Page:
Give and Take Reflections

Developing greater comfort and skill with powerless communication requires a change in habits – from talking to listening, self-promoting to advice seeking, and advocating to inquiring. Adam M. Grant, Ph. D. and author of Give And Take

Can I shift communications from answers to questions? Can I challenge myself to listen more and speak less? Can I continue to give for the sake of giving, not because of expectations or reciprocity? Can I always give credit when due? These are all questions I pondered as I dived into the art of giving, which clearly benefits individuals, groups, and organizations.

Reading and exploring the principles that Grant proposes in Give and Take, conjured up emotions I don’t usually experience while reading a business book. I found myself celebrating the likes of President Abraham Lincoln, professor C.J. Skender, and comedian George Meyer of The Simpsons fame. The examples of their lives and other givers helped me truly understand the importance of network, building great relationships, and continuing the giving nature of my soul. And at the turn of a page, I found myself getting angry with architect Frank Lloyd Wright and Jonas Salk, the international hero and inventor of the Polio vaccine. As it turns out Wright and Salk are what is known as takers. Salk gave no credit to the six researchers in his lab who were major contributors to the Polio vaccine – Byron Bennett, Percival Bazeley, L. James Lewis, Julius Youngner, Elsie Ward, and Francis Yurochko and Wright gave no credit to the teams of people who made his great works possible.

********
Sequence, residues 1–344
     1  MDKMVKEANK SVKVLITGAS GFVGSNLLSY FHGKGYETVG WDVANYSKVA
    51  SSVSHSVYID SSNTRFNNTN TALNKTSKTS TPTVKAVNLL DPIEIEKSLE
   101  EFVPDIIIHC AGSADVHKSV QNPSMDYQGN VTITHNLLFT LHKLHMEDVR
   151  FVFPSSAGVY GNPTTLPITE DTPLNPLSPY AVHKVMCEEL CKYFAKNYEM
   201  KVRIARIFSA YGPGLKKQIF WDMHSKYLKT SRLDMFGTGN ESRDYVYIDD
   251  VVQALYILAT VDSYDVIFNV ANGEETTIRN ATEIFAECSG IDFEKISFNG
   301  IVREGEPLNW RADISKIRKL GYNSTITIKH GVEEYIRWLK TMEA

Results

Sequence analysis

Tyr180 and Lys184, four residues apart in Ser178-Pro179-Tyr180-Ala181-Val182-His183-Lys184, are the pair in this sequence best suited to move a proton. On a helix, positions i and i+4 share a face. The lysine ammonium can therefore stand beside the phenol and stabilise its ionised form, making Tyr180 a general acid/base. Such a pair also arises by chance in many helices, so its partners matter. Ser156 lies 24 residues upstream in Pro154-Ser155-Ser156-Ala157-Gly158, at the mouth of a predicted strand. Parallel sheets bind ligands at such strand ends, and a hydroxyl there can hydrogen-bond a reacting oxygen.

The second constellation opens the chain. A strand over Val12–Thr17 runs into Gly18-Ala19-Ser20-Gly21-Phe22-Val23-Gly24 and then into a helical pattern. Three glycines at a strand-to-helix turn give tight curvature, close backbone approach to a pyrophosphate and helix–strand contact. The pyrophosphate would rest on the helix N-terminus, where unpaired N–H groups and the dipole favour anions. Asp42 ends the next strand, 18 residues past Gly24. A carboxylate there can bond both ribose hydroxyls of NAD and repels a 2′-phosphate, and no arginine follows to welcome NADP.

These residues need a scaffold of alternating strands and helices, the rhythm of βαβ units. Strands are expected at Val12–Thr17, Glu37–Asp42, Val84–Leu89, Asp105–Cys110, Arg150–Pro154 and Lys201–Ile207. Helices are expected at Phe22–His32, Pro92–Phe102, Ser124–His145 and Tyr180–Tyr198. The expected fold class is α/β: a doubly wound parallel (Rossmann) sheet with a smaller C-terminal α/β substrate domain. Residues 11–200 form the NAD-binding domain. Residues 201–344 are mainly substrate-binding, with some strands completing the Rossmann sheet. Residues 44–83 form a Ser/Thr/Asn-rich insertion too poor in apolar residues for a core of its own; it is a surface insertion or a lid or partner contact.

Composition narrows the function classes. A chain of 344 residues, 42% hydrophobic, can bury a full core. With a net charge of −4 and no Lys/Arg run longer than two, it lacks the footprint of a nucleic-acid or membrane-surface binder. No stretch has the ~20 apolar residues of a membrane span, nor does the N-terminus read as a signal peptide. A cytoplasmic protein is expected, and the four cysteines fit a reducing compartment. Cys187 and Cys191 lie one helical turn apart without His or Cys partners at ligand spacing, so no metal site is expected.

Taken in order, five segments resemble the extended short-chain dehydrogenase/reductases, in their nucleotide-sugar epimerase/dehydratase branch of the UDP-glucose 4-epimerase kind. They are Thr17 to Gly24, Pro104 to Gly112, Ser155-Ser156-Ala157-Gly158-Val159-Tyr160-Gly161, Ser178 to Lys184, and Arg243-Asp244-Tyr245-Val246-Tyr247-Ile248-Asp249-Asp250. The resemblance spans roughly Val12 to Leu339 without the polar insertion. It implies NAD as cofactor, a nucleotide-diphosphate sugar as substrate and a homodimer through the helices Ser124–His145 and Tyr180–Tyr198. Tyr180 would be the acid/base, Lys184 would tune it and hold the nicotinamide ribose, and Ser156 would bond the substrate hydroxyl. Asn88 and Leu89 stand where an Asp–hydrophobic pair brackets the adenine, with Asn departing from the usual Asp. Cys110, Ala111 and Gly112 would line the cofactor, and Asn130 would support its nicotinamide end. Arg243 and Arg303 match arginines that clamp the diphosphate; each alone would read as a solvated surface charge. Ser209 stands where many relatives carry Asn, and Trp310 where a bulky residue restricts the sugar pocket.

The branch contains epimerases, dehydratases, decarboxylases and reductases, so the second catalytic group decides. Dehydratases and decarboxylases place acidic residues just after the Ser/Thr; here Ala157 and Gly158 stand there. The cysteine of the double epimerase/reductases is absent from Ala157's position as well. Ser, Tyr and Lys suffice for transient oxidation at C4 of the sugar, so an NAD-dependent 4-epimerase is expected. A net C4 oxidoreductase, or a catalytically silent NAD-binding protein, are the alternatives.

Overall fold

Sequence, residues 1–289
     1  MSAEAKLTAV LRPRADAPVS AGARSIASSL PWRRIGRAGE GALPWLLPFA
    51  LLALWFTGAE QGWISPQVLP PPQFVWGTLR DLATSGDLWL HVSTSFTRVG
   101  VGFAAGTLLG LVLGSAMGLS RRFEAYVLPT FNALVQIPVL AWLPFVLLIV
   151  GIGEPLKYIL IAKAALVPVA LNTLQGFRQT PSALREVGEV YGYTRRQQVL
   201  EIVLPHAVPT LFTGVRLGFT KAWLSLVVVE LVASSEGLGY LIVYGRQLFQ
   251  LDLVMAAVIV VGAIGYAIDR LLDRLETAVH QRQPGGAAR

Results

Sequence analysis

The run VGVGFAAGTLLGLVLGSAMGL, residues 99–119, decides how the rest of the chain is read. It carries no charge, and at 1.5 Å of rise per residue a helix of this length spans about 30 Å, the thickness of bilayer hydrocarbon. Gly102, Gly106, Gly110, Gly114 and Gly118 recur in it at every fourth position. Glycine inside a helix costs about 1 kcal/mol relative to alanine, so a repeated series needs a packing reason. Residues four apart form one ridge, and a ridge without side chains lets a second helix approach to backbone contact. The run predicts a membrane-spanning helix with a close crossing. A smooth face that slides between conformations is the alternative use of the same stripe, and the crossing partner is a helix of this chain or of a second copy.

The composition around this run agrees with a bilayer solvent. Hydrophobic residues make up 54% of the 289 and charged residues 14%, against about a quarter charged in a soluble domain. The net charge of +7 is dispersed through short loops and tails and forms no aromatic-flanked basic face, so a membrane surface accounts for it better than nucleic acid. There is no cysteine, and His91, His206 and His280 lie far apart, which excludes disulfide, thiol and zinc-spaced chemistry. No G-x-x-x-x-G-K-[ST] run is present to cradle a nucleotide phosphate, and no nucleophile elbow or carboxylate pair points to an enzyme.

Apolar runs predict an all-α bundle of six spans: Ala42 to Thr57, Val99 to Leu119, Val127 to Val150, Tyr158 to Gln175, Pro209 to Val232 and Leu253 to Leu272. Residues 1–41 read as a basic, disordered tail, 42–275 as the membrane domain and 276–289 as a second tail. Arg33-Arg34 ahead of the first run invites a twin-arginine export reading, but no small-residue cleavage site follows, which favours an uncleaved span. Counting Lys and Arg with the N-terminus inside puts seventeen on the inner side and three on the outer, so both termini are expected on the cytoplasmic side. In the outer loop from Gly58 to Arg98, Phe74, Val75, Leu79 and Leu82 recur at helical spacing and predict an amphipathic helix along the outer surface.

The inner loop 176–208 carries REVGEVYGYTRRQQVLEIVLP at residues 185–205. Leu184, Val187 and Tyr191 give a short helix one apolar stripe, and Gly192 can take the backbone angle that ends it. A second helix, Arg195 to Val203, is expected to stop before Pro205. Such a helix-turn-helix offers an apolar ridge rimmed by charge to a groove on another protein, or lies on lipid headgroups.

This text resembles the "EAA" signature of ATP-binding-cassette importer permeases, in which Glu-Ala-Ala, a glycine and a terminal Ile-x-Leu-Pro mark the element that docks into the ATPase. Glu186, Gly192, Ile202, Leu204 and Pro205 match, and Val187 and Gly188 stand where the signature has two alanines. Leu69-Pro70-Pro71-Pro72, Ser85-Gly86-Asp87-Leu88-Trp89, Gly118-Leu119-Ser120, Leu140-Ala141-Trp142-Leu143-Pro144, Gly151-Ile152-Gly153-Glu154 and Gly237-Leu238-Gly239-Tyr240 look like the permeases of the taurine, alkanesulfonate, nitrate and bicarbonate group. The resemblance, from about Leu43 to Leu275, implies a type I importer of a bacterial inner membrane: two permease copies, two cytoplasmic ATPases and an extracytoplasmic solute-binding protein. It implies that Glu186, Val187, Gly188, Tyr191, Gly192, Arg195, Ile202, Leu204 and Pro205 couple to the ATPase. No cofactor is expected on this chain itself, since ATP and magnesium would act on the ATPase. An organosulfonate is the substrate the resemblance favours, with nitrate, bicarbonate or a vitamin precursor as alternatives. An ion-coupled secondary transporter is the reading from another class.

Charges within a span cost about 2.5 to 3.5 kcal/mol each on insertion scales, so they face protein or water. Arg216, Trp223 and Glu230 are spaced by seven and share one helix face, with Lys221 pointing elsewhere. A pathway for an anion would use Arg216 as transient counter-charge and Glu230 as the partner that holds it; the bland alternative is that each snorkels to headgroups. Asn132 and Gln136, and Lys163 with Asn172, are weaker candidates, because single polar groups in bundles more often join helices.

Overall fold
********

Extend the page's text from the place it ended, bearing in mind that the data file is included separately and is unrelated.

From frustration to fascination, I found myself wanting to operate from a giver mind-set in all of my actions. I believe in our ability to create our styles as artists and leaders, that we can also create giver identities and values for increased impact on the lives of both ourselves and our world.

Return on Engagement

During the past ten weeks, there is not one item of content that moved me, yet a series of connections highlighting the importance of mobile marketing, storytelling, accountability through data, and the need for return on engagement. In real time, I find myself turning towards my mobile phone and iPad for communication, rather than my computers and have become a two to three screen viewer. As was announced by Coca-Cola earlier this month the corporate website is dead, I find myself redefining the message I want to share through my websites and the importance of developing the strategy while crafting stories people want to hear. Less than 2 years ago people were building content with 1500 words because of what our search engines needed, now it’s proven people shy away from sites that have more than 600 words per page. For years I have heard the importance of ROI, yet during the past ten weeks I believe ROE or return on engagement has forced its way to the forefront. Creating a return on engagement can be just as important, if not more for a brand.